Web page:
The 2017 Tony Award-winning play by J.T. Rogers depicts a fictionalized tale of the story of the Oslo Accords, a 1990s agreement between Israel and the Palestine Liberation Organization. At Marin Theatre Company, “Oslo” is essentially a political drama — the set is built like a government meeting room, with perfectly clean-cut wooden tables and velveteen blue love-seats that yearn for pressed suits and newly-bought dresses to sit upon their oft-groomed surfaces.
Even in the first few minutes, it’s clear that “Oslo” isn’t your ordinary Tony Award-winning play. In fact, it defies expectations of Tony-winning plays — it’s realistic, but it strays just far away from reality and a perfect representation of people existing in reality. Mona Juul (Erica Sullivan), an official in the Norwegian ministry of foreign affairs, narrates the nearly three-hour-long play by breaking out of the world of the play and speaking directly to the audience.
It’s often seen as a theatrical cliché — something that’s overused by amateur playwrights by placing narration directly into the script instead of depicting it onstage. However, I’ll give “Oslo” a pass for this — on two accounts.
First, breaking down the Oslo Accords does require some background. I came into the play with just superficial exposure, and Mona’s explanations of each key player helped immensely. Her narration also serves a secondary (and perhaps more important) purpose of showing her lens into the world. She’s extraordinarily clever and well-respected, and she knows way more than people usually expect from her. Although she’s a diplomat, she’s also the wife of Terje Rød-Larsen (Mark Anderson Phillips), another relatively prominent diplomat and head of a research institute — and thus, she’s constantly overshadowed (at least, in the fictionalized version — I can’t speak for reality). With her help, the audience can understand the complex politics of the “Oslo” world without losing sight of the fast-paced dialogue and narrative.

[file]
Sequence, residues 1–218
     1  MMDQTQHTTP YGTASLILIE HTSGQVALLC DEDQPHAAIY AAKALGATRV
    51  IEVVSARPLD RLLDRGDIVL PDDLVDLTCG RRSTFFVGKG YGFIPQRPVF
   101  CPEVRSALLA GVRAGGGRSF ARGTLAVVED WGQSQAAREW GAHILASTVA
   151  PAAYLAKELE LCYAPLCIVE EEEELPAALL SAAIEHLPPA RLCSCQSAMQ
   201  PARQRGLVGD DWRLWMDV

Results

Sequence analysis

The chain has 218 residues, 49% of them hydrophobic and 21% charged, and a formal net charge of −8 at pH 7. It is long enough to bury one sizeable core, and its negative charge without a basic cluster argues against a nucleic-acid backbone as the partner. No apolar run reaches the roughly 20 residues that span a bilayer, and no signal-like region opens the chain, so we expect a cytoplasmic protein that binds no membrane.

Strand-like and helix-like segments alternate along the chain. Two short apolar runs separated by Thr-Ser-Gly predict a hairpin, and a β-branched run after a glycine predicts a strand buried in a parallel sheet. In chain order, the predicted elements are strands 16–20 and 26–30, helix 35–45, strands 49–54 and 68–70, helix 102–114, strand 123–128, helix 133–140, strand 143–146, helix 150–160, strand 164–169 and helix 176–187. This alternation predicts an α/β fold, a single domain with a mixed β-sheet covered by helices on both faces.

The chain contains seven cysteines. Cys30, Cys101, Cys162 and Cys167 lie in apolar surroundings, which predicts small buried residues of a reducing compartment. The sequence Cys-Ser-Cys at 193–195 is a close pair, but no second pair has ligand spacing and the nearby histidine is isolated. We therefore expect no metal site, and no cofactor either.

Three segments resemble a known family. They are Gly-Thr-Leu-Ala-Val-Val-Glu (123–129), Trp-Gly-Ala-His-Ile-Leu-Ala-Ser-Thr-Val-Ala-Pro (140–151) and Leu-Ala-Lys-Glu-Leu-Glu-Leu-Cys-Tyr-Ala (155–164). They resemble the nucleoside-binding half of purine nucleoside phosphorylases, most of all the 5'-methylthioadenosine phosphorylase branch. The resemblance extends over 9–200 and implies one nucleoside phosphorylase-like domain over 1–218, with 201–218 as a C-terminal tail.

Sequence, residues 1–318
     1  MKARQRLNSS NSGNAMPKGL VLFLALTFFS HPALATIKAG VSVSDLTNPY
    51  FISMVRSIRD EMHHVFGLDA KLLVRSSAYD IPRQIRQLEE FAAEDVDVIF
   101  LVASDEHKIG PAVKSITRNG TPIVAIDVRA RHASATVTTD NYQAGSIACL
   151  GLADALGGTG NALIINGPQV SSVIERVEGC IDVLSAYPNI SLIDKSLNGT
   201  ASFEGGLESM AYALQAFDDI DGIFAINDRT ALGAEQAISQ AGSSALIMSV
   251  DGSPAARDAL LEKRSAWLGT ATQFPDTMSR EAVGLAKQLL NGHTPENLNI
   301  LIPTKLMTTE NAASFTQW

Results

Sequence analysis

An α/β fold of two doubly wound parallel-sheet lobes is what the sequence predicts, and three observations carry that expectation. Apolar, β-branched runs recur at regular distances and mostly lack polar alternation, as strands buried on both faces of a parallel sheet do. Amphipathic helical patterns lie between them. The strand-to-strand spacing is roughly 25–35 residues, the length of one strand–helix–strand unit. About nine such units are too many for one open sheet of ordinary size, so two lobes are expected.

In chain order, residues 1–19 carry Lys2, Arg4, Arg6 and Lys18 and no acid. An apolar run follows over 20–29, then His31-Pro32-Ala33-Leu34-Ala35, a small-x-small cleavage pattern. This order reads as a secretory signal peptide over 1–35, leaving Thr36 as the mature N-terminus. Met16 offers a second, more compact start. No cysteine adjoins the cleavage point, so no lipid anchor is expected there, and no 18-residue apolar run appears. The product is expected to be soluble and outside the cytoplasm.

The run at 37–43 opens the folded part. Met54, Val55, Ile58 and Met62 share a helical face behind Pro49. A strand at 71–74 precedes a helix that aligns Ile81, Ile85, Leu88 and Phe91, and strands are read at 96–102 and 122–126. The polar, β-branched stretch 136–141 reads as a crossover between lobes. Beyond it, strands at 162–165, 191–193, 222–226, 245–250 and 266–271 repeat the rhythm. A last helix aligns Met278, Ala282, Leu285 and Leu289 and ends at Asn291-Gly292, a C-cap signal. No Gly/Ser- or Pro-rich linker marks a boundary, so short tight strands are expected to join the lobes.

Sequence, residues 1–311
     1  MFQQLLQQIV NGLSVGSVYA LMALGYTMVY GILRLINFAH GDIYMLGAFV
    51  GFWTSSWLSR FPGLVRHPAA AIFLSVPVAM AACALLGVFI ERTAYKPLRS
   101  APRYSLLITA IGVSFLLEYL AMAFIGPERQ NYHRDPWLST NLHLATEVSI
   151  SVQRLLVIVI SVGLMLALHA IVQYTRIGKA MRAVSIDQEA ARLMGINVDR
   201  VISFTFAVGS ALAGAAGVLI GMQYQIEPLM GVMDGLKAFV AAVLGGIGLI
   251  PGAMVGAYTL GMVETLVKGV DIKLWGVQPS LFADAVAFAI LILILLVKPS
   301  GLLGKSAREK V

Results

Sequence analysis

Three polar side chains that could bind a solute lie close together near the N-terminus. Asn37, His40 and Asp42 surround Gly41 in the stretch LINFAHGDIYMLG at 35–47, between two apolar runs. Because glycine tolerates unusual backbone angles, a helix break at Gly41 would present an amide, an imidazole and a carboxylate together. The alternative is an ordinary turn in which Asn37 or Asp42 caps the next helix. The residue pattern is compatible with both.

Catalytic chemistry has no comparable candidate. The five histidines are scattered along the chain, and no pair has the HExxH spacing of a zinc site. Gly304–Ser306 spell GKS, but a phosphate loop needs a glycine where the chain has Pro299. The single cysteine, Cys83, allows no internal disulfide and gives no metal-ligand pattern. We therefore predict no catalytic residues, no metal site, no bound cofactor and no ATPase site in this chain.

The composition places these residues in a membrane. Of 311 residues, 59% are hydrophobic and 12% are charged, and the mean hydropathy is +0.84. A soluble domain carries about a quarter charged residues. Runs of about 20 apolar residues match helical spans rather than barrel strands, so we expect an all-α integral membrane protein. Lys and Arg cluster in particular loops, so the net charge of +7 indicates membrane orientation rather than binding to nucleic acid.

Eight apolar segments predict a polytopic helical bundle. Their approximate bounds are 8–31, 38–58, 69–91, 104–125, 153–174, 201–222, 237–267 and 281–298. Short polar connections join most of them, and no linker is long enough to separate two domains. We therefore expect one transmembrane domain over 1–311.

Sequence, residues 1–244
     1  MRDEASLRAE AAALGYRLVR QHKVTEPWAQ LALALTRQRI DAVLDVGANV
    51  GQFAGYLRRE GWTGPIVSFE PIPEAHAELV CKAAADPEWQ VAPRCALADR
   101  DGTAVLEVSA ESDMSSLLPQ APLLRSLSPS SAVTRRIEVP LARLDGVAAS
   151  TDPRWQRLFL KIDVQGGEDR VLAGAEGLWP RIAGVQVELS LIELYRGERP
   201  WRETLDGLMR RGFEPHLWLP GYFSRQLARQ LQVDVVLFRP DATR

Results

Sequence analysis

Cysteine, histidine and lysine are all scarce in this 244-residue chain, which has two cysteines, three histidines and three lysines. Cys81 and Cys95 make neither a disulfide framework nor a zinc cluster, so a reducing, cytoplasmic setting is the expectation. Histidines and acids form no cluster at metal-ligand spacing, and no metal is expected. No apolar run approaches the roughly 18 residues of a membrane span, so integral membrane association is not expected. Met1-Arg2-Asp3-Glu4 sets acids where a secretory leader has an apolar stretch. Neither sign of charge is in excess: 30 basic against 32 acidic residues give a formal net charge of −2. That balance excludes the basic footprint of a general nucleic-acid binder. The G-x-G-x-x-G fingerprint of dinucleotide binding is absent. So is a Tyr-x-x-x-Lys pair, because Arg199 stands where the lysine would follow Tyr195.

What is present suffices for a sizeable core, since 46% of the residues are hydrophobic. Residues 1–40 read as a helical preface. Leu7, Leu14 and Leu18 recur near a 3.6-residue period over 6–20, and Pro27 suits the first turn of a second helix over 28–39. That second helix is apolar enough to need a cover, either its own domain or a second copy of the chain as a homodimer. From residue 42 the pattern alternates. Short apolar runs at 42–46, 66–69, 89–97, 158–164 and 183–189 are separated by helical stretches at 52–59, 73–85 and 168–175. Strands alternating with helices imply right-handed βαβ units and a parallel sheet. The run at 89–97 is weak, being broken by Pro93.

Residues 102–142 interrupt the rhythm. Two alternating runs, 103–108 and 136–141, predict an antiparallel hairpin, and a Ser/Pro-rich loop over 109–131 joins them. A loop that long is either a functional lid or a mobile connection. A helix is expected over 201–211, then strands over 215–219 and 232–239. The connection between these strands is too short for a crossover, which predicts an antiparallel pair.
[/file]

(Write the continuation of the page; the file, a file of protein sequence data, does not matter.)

Second, Rogers pushes this boundary of the fourth wall and steers the audience to see the world through Mona’s eyes. Even though it’s Terje who supposedly “leads” the push towards creating the accords, ultimately it’s Mona’s efforts that make it work. She’s the one that the Israelis and Palestinians want to talk to and entertain; she’s the one who helps Terje out of his anxiety-induced moments of panic. Through her eyes, we can see Oslo how one might see if you were approaching it analytically — even though the play is presented in an “objective” sense, we’re ultimately seeing it the way she sees it — the dimwit men and all. She’s the level-headed one, the smart one, the one who should be making all the decisions — but unfortunately, Marin still doesn’t give her enough credit.
Again, it’s Rogers who pushes for the audience to question how Mona is treated in “Oslo.” Even though it is a play about the Oslo Accords, it’s also (and more importantly) a play about power dynamics — what is said and what isn’t said. The characters push and pull between who to tell important information, who not to tell — when to sneak in a key piece of knowledge and when to withhold it. Mona is perhaps the most effective at this, and this is also why she’s the narrator — Terje is just too self-absorbed, and other characters don’t know enough of the story.
No matter how well-produced, there is still something about “Oslo” that begs some sort of deeper investigation of the script — there’s something about the production that’s missing. It’s pristinely directed by Jasson Minadakis, every set piece beautifully designed by Sean Fanning — but even in the three hours that we all sit in the dark, I craved more. Mona was pushed to her limits but she never truly breaks through — even in the end, she comforts Terje when he realizes that they won’t be honored at the Oslo Accords ceremony even though they facilitated the entire thing in secret. In that moment, I hoped that Terje would recognize Mona, or that some sort of recognition that would pass over her. Instead, she’s left as a symbol of male fragility even in the face of female empowerment and authority that should have left her as a mark of resilience in the world.
Contact Olivia Popp at oliviapopp ‘at’ stanford.edu.